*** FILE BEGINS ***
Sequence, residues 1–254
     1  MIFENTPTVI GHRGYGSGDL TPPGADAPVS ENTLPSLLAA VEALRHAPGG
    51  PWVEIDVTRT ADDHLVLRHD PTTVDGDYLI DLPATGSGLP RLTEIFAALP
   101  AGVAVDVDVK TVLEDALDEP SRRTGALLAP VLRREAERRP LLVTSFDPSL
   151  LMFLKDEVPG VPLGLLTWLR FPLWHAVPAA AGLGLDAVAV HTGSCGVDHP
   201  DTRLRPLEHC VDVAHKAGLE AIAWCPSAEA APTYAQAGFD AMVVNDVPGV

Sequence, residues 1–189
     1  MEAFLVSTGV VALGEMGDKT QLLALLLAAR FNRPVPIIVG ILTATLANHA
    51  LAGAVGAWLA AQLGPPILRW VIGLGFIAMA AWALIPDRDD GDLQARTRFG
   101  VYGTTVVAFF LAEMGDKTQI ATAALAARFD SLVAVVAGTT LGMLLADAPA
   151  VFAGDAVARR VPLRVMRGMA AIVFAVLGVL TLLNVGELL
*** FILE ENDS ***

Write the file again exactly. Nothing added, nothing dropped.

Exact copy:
Sequence, residues 1–254
     1  MIFENTPTVI GHRGYGSGDL TPPGADAPVS ENTLPSLLAA VEALRHAPGG
    51  PWVEIDVTRT ADDHLVLRHD PTTVDGDYLI DLPATGSGLP RLTEIFAALP
   101  AGVAVDVDVK TVLEDALDEP SRRTGALLAP VLRREAERRP LLVTSFDPSL
   151  LMFLKDEVPG VPLGLLTWLR FPLWHAVPAA AGLGLDAVAV HTGSCGVDHP
   201  DTRLRPLEHC VDVAHKAGLE AIAWCPSAEA APTYAQAGFD AMVVNDVPGV

Sequence, residues 1–189
     1  MEAFLVSTGV VALGEMGDKT QLLALLLAAR FNRPVPIIVG ILTATLANHA
    51  LAGAVGAWLA AQLGPPILRW VIGLGFIAMA AWALIPDRDD GDLQARTRFG
   101  VYGTTVVAFF LAEMGDKTQI ATAALAARFD SLVAVVAGTT LGMLLADAPA
   151  VFAGDAVARR VPLRVMRGMA AIVFAVLGVL TLLNVGELL